Somalia Hunger Crisis: What you need to know
Somalia's widespread food insecurity is a result of four consecutive poor rainy seasons, which led to below-average agricultural production, and loss of livestock at large scale. This has contributed to reduction of household income and therefore access to food, water and nutrition.
As persistent drought continues to impede recovery of normal livelihoods and food security in 2018, humanitarian needs are on the rise also due to lack of access to basic services, displacement and conflict barring access in some parts of Somalia.
With a fourth consecutive poor rain season expected and with 3.1 million people estimated to be in Crisis and 0.8 million people in Emergency, the risk of famine still exists. This shows the massive needs that may not be met by the current financial and human resources.
Sustaining the large-scale assistance while looking at long-term solution is needed to prevent loss of lives.
- 6.2 million people are in need of urgent life-saving assistance to combat the worst effects of prolonged drought and protracted conflict
- Children are the hardest hit. More than 4 million boys and girls are in need of humanitarian assistance.
- 1.2 million children under 5 years are projected to be malnourished in 2018.
- Of this, 231,000 are in the IDP settlements.
- Overall, 388,000 children are acutely malnourished, including more than 87,000 severely malnourished and in need of urgent life-saving treatment.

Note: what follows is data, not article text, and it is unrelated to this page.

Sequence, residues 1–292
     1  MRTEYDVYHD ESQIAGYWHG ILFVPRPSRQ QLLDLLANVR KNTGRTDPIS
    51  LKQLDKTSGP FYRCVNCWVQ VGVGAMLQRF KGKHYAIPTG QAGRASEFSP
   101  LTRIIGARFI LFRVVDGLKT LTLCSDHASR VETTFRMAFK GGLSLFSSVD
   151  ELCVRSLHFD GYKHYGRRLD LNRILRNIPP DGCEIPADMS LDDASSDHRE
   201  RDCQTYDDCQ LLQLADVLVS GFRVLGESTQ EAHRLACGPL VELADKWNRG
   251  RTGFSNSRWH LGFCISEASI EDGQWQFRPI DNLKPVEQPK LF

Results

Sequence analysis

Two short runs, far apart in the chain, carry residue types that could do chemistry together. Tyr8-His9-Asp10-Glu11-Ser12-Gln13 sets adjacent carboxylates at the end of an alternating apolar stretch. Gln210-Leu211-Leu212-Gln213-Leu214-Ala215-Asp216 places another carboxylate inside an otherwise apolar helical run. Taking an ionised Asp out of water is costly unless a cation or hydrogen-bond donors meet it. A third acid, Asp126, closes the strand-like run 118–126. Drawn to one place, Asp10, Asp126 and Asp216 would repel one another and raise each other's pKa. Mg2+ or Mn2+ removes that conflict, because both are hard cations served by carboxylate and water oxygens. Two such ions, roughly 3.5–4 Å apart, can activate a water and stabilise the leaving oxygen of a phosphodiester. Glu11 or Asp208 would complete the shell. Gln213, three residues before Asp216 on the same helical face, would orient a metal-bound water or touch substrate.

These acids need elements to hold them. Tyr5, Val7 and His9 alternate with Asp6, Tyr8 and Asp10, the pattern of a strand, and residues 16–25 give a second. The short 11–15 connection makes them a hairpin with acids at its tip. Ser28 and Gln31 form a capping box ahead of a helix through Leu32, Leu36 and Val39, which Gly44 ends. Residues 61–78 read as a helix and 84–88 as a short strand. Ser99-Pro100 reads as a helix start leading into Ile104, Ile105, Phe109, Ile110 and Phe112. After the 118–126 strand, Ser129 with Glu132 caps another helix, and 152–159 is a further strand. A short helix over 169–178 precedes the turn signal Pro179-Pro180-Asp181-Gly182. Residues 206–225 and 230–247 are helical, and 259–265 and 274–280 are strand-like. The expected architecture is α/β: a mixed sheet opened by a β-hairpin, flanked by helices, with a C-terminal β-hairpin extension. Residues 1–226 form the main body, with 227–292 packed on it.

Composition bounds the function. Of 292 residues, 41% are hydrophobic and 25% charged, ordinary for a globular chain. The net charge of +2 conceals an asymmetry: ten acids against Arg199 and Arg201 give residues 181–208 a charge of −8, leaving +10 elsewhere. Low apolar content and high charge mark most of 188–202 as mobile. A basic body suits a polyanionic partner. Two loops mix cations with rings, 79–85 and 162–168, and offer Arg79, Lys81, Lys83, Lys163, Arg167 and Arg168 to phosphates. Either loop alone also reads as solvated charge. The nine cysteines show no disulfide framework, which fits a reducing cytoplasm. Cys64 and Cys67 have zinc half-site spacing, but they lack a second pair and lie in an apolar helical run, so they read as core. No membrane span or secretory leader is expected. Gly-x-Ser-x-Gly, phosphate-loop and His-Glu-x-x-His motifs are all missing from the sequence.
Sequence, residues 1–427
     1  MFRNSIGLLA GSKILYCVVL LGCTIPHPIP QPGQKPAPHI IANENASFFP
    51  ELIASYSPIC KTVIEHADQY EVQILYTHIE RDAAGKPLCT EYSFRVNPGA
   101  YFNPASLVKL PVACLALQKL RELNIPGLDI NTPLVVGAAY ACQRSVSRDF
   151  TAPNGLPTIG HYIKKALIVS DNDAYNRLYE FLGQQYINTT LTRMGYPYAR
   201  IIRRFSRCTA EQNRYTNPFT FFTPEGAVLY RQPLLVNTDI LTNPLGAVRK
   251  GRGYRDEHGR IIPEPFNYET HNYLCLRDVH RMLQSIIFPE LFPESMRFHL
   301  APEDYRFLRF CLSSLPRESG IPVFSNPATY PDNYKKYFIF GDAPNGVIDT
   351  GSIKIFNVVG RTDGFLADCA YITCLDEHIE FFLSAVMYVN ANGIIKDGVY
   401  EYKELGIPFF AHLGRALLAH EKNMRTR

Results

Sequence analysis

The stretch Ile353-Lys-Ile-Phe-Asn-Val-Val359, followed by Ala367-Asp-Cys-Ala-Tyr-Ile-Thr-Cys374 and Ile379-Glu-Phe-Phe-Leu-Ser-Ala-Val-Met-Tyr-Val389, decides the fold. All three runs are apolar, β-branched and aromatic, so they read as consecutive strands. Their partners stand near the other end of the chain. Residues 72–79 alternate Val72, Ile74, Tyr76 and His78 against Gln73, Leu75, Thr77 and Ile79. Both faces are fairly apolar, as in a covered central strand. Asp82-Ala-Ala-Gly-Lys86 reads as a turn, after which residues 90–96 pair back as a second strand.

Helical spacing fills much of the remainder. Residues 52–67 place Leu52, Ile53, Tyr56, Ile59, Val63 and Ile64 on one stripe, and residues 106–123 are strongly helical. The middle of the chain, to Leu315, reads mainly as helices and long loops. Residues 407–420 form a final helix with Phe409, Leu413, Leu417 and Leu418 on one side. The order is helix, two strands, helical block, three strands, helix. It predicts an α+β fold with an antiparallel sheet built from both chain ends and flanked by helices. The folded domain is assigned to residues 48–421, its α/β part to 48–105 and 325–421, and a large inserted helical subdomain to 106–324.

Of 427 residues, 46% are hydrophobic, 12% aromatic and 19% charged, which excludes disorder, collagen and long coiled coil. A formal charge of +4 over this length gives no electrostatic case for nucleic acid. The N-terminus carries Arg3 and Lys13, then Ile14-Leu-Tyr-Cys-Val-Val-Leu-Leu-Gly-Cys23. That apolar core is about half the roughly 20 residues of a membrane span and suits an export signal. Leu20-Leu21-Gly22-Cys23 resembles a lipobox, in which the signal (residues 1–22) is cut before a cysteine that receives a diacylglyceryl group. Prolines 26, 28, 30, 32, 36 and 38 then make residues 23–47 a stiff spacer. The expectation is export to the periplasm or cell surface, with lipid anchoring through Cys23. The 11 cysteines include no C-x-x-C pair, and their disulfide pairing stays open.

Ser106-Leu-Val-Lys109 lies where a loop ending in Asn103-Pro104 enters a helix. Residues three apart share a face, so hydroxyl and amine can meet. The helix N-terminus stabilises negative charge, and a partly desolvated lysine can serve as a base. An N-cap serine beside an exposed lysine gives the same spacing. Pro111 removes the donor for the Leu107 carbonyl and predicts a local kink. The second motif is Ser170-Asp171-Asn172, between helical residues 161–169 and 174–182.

FEB-MAY 2018 FOOD INSECURITY OUTLOOK IN SOMALIA
What is World Vision doing?
World Vision in collaboration with partners and government, with support from donors continues to respond to the affected communities going hungry with interventions such as:
- Food and cash assistance,
- Health and nutrition (including using mobile clinics),
- Water trucking and rehabilitation of water sources,
- Non-food items,
- Education and protection
As of December 2017, we assisted more than 1 million people in affected areas, but more assistance is needed to match the increased needs.
Severely malnourished Muhammed, 4 diagnosed by a World Vision mobile health unit in Budanbunto Somalia
Why is it happening in Somalia?
- Climate change leading to prolonged droughts
- Consecutive failure of rains for more than two years now
- Protracted conflict leading to displacement and loss of livelihoods and productive assets. Prolonged drought and the protracted political crisis where a combination of conflicts, collapse of basic services and climatic events have eroded traditional coping mechanisms making it difficult to plan for long-term resilience initiatives.
- Conflict, leading to displacement of people and disruption of livelihoods and productive assets
- Lack of investment in health, education, livelihoods, eroding communities’ capabilities to cope with crises
Displaced by drought, Fatuma 60 with her grandson fled their land with her family to receive emergency water supplies provided by World Vision in Maslale village, Puntland. "We used to have a large flock of goats and camels, but now most of them have died because of lack of rains."
What can you do?
To address these crises, we need sustained humanitarian action targeting the most vulnerable coupled with resilience building that enhances the livelihoods and capacity for households and communities to cope. World Vision’s response to hunger in Somalia is 60% funded. Money donated provides children with nutritious food, water, medical supplies among other things.